For years, ‘no one really cares about hockey’ has been a frequent sentiment. But apparently plenty of people care, enough to garner the sport more than half-a-billion dollars in their next media rights deal.
In 2011, NBC signed a 10-year contract worth $200 million annually for the NHL’s TV rights package. Now that ESPN reentered the fold, announcing a seven-year deal with the NHL last week, the league’s media rights fees are expected to triple. This coming off a global pandemic where ratings deteriorated last summer.
Although financial terms were not disclosed, The New York Times reported Disney will pay the NHL around $400 million annually over the course of their seven-year partnership. That deal nets ESPN 25 games per year on linear TV, half the playoffs, four Stanley Cup finals and a significant streaming element.
ESPN’s partial partnership still leaves room for another network to purchase a rights package and according to Dan Cohen, SVP of Octagon’s Global Media Rights Consulting division, it could earn the NHL more than $600 million annually in total.
This was part of the NHL’s plan as NBC’s current contract sets to expire. After previously selling their national TV package exclusively to one network, the league sought to split their broadcast rights this time around to maximize profits. NBC remains the leader to pair with ESPN as the NHL’s TV rightsholder and after paying $200 million for an exclusive deal in 2011, Cohen suggests between $185 million and $225 million for a partial package.
While NBC’s most recent deal with the NHL was agreed to in 2011, the network has been the league’s broadcast partner since 2005, when Comcast purchased their rights for $70 million per year. Despite SBJ recently reporting a deal renewal between the NHL and NBC is “not a slam dunk,” it would seem mutually beneficial to continue a partnership that has so far been deemed a success for both sides.
Poll Data Shows Tepid Response To Tom Brady Joining FOX
“A recent Harris Poll conducted on behalf of Front Office Sports showed that 1 in 3 Americans are more likely to watch a game with Brady on the microphone.”
FOX Sports reportedly signed Tom Brady to a 10-year deal worth $375 million to make the seven-time Super Bowl champion the new lead analyst for its top NFL broadcast once his playing career is over.
A recent Harris Poll conducted on behalf of Front Office Sports showed that 1 in 3 Americans are more likely to watch a game with Brady on the microphone.
The poll said 2 in 5 NFL fans have a better opinion of FOX Sports following the deal, with 41% of NFL fans being at least somewhat more likely to watch a game with Brady as an analyst.
Data shows one-third of NFL fans think the deal Brady reportedly agreed to is worth about the same as its reported value.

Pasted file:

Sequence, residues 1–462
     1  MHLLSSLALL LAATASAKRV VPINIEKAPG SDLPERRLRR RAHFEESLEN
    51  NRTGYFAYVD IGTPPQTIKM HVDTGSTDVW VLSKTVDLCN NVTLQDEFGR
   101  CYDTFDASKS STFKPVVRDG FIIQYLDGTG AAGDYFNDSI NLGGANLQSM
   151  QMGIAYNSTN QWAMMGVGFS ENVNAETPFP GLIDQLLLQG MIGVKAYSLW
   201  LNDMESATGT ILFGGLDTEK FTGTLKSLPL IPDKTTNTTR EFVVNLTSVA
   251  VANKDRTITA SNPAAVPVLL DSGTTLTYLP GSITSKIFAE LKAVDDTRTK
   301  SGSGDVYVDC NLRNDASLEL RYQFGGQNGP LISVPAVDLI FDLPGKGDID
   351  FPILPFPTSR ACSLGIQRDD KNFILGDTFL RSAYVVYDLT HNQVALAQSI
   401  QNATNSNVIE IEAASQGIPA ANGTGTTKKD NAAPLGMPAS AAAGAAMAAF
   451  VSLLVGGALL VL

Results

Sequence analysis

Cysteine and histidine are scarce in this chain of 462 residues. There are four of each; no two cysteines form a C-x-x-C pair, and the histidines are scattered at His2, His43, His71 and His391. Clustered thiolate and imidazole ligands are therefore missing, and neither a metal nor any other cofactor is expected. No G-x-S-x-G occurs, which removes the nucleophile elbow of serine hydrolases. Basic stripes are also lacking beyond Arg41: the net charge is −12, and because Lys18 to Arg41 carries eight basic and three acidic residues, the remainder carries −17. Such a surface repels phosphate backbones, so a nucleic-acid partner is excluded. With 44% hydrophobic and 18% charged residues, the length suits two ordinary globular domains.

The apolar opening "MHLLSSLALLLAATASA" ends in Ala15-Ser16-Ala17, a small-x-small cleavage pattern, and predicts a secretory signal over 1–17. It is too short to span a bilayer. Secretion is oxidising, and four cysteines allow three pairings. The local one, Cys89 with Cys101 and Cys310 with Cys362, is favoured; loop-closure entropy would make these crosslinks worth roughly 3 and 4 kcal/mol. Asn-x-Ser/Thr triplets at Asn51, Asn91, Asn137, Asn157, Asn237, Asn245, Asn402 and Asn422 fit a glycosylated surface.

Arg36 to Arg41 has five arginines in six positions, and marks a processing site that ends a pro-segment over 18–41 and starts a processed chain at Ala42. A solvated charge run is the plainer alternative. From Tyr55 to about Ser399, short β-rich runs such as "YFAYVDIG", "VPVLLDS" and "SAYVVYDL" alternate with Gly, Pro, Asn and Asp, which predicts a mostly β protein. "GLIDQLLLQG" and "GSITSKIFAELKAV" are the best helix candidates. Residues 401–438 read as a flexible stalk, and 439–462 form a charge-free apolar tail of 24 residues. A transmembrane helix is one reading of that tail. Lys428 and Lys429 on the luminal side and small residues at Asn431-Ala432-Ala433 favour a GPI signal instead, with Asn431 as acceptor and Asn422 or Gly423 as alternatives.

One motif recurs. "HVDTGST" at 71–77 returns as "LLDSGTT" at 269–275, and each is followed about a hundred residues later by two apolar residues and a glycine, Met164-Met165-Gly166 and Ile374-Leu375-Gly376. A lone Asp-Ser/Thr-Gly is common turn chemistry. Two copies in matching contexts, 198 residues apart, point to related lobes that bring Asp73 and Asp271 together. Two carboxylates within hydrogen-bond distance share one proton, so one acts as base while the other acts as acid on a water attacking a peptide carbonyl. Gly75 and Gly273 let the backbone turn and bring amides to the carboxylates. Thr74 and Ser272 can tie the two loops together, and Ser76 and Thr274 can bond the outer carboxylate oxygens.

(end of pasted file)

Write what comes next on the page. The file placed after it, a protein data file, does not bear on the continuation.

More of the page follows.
That reaction could probably be described as “tepid”. That may be exactly what FOX expects and maybe all it wants.
Last week, Domonique Foxworth of ESPN suggested that the paycheck is less about what the network thinks Tom Brady means to viewers and more about showing the NFL that the network values its product.
FOX Not Interested In Joining Streaming Sports Wars
“All this fight that’s going on, sort of gladiatorial kind of bloodshed, is really for that last position, right, in the three to four services that people will take?”
The CEO of FOX doesn’t plan on forking over billions of dollars to be people’s last choice for paid streaming services.
Lachlan Murdoch said at a time when more than 80% of American homes already have some kind of paid streaming service, it’s not worthwhile to jump on that train.
Amazon, Netflix and Disney+ typically account for the average streaming presence in a household.
“All this fight that’s going on, sort of gladiatorial kind of bloodshed, is really for that last position, right, in the three to four services that people will take,” Murdoch said at a tech conference earlier this year. “And so the billions of dollars that’s being spent by multiple aspirants is all for that last position. And so we are extraordinarily — I want to say that — we’re happy to be sort of sitting on the sidelines.”
Murdoch told Benjamin Swinburne that when it comes to the NFL, FOX’s media rights are the same as CBS, NBC and ESPN. The main focus for the company remains on keeping games on TV.
“We don’t believe it helps us to put those rights under a streaming service or free on over-the-air. We think it’s very important that those rights remain exclusive to the broadcast environment,” Murdoch said.
FOX does stream games through its app, but it is only the games it is also carrying on its broadcast network or FS1.
NBA Draft To Get Simulcast From ESPN & ABC
“This follows the simulcast model ESPN and ABC have employed for several years with the NFL Draft.”
ESPN is set for the 2022 NBA Draft coming up on June 23 at 8 p.m. from the Barclays Center in Brooklyn. The network announced Wednesday the crews that will handle coverage on both ESPN and ABC.
ABC will broadcast the first round in primetime. Kevin Negandhi will host and will be joined by Stephen A. Smith, Chiney Ogwumike and Jalen Rose. Monica McNutt will be reporting and interviewing draftees.
This follows the simulcast model ESPN and ABC have employed for several years with the NFL Draft.
Malika Andrews will host both rounds for ESPN. Jay Bilas, Kendrick Perkins and Adrian Wojnarowski will share the set. Analysts Bobby Marks and Mike Schmitz will contribute.
“We’re thrilled that Malika Andrews will host this year’s ESPN presentation as she brings her well-documented, widespread skillset to our main set,” said David Roberts, head of NBA and Studio Production for ESPN. “The event will showcase the scope and depth of our NBA and college basketball talent roster with accomplished journalists and high-profile personalities across ESPN, ABC and ESPN Radio.”
ESPN will air a pre-draft red carpet show hosted by Cassidy Hubbarth from 5-6 p.m. Perkins and Richard Jefferson will also make appearances.